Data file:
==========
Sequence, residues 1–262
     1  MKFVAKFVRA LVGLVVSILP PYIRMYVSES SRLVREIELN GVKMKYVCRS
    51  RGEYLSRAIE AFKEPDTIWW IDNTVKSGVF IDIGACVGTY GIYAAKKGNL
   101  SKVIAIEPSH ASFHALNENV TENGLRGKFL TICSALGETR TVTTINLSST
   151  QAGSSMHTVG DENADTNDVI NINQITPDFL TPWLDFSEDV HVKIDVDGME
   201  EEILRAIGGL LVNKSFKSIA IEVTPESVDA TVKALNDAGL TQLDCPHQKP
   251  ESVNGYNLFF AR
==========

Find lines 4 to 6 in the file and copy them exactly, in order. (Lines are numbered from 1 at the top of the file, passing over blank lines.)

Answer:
   101  SKVIAIEPSH ASFHALNENV TENGLRGKFL TICSALGETR TVTTINLSST
   151  QAGSSMHTVG DENADTNDVI NINQITPDFL TPWLDFSEDV HVKIDVDGME
   201  EEILRAIGGL LVNKSFKSIA IEVTPESVDA TVKALNDAGL TQLDCPHQKP